The EU’s looming restrictive measures against Russian supply may force the energy alliance to slash production further © Getty Images / shotbydave
The Organization of the Petroleum Exporting Countries and its allies (OPEC+) could impose deeper cuts in oil output this week as the organization weighs the impact of the looming EU sanctions on Russian crude, CNBC reported Friday, citing analysts.
The group of oil-producing nations, led by Saudi Arabia and Russia, is expected to meet on Sunday to decide on the next phase of their production policy. The meeting will be held a day before the European Union’s latest anti-Moscow sanctions kick in. The bloc reportedly has tentatively agreed on a $60-per-barrel price cap on seaborne oil supply from Russia.
“Ultimately, the decision will depend on the trajectory of the oil price when OPEC+ meets and how much disruption is evident in markets because of the EU sanctions,” analysts at political risk consultancy Eurasia Group wrote, in a research note seen by the media outlet.
According to Claudio Galimberti, senior vice president of analysis at energy consultancy Rystad, the group “would be better off to stay the course” and roll over existing production policy.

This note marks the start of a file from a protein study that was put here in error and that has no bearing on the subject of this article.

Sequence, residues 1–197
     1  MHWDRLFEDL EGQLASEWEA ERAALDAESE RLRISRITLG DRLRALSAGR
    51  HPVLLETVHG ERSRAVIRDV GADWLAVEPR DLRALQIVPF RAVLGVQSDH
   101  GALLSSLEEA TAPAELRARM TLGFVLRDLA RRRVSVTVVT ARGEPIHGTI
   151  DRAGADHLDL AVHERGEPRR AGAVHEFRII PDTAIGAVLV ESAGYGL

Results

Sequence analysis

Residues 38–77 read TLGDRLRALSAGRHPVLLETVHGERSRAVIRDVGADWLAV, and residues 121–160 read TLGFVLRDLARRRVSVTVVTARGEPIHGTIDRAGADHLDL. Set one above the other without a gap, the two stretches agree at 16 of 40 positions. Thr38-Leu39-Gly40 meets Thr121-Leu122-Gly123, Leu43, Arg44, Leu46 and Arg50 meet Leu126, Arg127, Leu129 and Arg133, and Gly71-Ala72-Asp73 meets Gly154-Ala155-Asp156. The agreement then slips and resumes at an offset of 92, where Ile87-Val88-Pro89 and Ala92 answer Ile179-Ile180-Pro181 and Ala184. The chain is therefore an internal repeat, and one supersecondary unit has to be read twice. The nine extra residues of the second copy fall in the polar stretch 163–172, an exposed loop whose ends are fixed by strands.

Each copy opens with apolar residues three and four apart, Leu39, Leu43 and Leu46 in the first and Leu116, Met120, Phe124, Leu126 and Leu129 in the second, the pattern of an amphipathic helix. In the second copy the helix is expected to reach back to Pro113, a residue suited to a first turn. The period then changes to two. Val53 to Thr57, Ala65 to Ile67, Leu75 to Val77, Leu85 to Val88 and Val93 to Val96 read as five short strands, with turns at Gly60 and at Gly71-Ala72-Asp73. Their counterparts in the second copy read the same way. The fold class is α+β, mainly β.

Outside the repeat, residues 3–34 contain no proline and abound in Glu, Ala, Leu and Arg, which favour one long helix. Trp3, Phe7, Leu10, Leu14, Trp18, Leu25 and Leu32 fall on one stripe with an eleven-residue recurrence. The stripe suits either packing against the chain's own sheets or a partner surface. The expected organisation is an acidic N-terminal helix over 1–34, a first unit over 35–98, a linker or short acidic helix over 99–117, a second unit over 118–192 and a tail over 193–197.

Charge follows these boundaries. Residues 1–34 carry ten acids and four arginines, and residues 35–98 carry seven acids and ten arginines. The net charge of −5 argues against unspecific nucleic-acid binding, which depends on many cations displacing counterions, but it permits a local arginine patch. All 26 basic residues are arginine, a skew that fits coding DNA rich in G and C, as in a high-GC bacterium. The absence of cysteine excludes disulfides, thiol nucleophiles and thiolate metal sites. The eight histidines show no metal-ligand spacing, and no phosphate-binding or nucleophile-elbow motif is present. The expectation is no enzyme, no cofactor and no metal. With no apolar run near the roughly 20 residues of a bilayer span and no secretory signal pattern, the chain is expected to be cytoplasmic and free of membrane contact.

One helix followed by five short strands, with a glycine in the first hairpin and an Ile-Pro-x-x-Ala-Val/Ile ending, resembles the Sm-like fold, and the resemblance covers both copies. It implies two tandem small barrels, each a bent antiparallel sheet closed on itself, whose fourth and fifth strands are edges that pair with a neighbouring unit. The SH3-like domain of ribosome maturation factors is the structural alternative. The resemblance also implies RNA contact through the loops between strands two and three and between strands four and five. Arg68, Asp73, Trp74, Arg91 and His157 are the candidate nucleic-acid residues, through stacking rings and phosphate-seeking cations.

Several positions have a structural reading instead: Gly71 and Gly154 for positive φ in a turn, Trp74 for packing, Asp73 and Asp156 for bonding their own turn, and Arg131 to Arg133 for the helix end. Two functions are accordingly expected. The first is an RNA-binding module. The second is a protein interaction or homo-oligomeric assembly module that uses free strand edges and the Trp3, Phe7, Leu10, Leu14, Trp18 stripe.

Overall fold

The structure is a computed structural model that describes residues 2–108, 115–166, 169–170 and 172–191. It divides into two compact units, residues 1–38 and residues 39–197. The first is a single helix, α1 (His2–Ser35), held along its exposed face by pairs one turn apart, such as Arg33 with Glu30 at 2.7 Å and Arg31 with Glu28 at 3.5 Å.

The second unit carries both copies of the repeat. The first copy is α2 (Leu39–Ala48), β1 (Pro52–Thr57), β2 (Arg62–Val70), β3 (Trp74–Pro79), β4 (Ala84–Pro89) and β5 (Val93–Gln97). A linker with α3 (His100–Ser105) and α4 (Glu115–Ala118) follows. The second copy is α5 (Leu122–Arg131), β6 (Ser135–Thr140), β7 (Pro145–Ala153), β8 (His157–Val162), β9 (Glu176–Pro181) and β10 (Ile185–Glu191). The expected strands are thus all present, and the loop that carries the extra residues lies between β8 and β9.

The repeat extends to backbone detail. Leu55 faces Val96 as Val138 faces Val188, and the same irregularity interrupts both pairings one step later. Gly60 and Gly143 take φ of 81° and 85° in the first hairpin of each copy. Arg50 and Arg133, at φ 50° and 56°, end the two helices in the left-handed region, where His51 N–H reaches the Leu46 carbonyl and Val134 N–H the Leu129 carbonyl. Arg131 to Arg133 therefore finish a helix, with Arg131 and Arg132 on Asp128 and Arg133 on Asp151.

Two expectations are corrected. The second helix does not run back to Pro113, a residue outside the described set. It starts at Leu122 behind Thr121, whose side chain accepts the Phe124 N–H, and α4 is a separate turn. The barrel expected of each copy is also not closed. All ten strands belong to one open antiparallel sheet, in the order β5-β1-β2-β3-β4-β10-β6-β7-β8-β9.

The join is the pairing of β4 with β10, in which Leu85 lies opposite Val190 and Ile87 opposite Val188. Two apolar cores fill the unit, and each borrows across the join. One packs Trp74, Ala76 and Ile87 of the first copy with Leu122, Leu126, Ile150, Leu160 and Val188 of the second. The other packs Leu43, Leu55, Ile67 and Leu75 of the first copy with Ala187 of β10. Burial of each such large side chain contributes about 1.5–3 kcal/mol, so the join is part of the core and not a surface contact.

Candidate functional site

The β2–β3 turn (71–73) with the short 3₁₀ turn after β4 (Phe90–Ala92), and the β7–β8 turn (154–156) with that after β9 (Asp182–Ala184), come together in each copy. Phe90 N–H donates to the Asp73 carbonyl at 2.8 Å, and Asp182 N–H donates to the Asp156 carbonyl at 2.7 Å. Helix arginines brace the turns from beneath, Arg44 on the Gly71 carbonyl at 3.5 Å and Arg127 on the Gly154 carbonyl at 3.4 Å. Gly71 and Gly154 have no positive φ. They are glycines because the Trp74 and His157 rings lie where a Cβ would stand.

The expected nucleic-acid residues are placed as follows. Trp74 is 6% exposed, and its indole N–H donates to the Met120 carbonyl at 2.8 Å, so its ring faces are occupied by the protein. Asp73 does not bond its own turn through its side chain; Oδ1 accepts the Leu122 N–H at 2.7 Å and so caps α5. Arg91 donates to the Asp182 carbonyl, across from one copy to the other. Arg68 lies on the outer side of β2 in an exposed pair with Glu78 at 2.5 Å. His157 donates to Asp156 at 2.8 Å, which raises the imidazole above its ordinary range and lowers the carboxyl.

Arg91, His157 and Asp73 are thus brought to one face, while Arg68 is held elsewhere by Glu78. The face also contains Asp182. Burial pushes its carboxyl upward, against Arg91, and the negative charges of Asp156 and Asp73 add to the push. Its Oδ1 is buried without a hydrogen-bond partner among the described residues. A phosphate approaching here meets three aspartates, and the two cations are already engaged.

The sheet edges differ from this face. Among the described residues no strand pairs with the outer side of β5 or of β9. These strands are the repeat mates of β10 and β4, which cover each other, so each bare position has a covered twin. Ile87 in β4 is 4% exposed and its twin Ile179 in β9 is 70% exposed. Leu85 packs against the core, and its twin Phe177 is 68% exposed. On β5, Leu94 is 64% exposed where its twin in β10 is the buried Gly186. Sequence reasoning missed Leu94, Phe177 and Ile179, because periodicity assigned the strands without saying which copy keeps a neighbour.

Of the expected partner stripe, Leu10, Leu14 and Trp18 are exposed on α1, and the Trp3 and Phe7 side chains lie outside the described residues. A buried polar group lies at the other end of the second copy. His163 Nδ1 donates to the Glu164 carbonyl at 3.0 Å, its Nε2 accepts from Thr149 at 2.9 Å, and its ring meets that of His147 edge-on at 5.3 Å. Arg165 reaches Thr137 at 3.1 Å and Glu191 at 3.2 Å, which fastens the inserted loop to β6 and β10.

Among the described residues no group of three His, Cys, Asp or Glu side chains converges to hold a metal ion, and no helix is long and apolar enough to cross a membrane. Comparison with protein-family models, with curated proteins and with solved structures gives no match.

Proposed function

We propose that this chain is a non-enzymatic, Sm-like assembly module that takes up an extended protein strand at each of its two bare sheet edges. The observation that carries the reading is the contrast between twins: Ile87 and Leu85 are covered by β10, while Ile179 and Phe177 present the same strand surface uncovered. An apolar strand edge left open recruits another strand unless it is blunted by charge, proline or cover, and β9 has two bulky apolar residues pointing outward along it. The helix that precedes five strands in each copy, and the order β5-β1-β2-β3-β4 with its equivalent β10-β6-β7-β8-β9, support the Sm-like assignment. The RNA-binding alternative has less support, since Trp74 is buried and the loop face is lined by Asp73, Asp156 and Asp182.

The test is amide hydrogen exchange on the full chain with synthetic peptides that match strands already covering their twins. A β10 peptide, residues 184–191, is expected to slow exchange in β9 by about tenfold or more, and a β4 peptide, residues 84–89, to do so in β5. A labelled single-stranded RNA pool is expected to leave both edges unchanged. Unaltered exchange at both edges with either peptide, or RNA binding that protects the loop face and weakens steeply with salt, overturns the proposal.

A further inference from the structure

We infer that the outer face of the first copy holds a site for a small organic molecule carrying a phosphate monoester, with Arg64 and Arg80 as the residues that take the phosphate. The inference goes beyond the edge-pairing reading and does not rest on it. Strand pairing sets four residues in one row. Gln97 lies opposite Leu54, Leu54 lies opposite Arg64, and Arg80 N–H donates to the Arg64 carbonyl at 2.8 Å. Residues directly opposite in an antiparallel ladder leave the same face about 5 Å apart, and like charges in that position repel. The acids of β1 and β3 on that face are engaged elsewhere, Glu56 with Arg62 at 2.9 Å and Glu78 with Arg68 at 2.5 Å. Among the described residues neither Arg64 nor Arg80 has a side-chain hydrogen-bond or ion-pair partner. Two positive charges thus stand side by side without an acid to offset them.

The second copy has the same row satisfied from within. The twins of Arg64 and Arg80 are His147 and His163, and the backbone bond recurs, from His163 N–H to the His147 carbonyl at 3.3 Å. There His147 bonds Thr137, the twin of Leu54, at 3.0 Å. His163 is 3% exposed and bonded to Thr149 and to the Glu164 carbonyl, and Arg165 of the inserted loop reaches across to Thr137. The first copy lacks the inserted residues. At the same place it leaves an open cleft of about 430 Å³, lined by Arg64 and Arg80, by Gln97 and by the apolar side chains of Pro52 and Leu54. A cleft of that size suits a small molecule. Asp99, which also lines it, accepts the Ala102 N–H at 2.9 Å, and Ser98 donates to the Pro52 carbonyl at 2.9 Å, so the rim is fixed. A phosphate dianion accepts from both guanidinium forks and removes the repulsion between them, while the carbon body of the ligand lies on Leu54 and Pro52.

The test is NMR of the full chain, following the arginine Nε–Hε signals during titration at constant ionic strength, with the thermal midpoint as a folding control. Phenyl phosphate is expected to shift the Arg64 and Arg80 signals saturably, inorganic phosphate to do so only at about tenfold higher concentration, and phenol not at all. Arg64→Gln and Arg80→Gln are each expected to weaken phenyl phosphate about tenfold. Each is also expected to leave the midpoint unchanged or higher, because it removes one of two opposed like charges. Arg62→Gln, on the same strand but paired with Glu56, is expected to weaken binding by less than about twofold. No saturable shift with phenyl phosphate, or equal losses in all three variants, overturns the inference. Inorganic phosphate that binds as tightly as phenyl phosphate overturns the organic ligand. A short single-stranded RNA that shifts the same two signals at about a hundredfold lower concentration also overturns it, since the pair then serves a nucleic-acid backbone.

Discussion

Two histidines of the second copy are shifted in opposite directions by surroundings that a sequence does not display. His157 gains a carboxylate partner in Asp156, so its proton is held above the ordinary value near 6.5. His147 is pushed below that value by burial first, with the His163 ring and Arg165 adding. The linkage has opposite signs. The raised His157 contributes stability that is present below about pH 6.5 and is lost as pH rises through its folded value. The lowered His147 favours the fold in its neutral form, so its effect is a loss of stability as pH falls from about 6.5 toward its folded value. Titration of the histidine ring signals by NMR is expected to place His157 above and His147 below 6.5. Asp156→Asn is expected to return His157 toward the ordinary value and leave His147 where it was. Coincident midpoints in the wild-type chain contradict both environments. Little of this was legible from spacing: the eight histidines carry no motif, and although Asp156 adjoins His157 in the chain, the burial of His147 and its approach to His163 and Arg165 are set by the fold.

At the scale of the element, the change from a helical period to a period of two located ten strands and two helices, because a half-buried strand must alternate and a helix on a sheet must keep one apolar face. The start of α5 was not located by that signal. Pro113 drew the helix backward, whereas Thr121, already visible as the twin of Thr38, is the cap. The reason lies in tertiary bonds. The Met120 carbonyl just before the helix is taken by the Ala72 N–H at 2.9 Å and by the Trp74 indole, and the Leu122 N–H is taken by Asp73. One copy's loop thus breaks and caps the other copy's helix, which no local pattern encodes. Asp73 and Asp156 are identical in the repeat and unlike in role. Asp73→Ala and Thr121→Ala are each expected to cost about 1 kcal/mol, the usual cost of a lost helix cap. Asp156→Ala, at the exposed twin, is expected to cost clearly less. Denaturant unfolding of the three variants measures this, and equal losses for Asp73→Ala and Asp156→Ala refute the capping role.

He told CNBC that “OPEC+ has been rumored to consider a cut on the basis of demand weakness, specifically in China, over the past few days. Yet, China’s traffic nationwide is not down dramatically.”
Galimberti noted that the other factor OPEC+ will need to consider is the price cap. “It’s still up in the air, and this adds to the uncertainty,” he said.
RBC Capital Markets’ Helima Croft also confirmed there was no expectation of a production increase from the upcoming OPEC+ meeting, rather a “significant chance” of a deeper output cut.
“There is so much uncertainty,” Croft warned, adding that OPEC delegates “have to factor in what happens with China but also what happens with Russian production.”
“My expectation right now is, if prices are flirting with Brent breaking into the 70s, certainly OPEC will do a deeper cut, but the question is, how do they factor in what is going to come the next day?” Croft asked. “So, I still think it is up for grabs.”
In October, OPEC+ unexpectedly decided to cut production targets by two million barrels a day in an effort to stabilize falling prices. On Friday, Brent crude was trading lower at $86.82 a barrel, down from over $123 in early June. US West Texas Intermediate (WTI), was also down to $81.19, compared to a level of $122 six months ago.
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